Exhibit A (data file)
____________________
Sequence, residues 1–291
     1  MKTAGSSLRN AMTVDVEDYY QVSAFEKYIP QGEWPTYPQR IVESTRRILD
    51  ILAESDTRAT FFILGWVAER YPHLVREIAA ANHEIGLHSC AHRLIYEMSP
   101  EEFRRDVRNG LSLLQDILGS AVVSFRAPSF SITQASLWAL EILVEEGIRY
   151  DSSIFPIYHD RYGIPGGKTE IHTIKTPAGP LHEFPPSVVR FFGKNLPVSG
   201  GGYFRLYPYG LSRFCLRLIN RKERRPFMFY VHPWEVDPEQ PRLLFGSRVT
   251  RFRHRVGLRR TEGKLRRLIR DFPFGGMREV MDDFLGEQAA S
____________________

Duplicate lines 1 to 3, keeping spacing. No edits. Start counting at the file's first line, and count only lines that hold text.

Sequence, residues 1–291
     1  MKTAGSSLRN AMTVDVEDYY QVSAFEKYIP QGEWPTYPQR IVESTRRILD
    51  ILAESDTRAT FFILGWVAER YPHLVREIAA ANHEIGLHSC AHRLIYEMSP